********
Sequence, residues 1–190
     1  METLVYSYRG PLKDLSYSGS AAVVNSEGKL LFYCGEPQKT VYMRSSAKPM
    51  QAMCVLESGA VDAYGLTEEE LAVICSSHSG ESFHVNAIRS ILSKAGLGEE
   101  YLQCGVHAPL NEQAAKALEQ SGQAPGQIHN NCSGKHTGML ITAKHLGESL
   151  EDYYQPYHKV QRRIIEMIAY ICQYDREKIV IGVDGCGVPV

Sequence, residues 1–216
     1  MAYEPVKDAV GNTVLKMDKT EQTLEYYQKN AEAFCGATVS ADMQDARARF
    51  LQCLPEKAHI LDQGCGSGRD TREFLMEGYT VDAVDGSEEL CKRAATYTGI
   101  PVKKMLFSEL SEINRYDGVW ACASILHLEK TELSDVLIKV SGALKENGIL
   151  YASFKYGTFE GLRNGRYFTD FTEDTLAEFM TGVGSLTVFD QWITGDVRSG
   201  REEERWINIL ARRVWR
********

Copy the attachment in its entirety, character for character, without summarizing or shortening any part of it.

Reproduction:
Sequence, residues 1–190
     1  METLVYSYRG PLKDLSYSGS AAVVNSEGKL LFYCGEPQKT VYMRSSAKPM
    51  QAMCVLESGA VDAYGLTEEE LAVICSSHSG ESFHVNAIRS ILSKAGLGEE
   101  YLQCGVHAPL NEQAAKALEQ SGQAPGQIHN NCSGKHTGML ITAKHLGESL
   151  EDYYQPYHKV QRRIIEMIAY ICQYDREKIV IGVDGCGVPV

Sequence, residues 1–216
     1  MAYEPVKDAV GNTVLKMDKT EQTLEYYQKN AEAFCGATVS ADMQDARARF
    51  LQCLPEKAHI LDQGCGSGRD TREFLMEGYT VDAVDGSEEL CKRAATYTGI
   101  PVKKMLFSEL SEINRYDGVW ACASILHLEK TELSDVLIKV SGALKENGIL
   151  YASFKYGTFE GLRNGRYFTD FTEDTLAEFM TGVGSLTVFD QWITGDVRSG
   201  REEERWINIL ARRVWR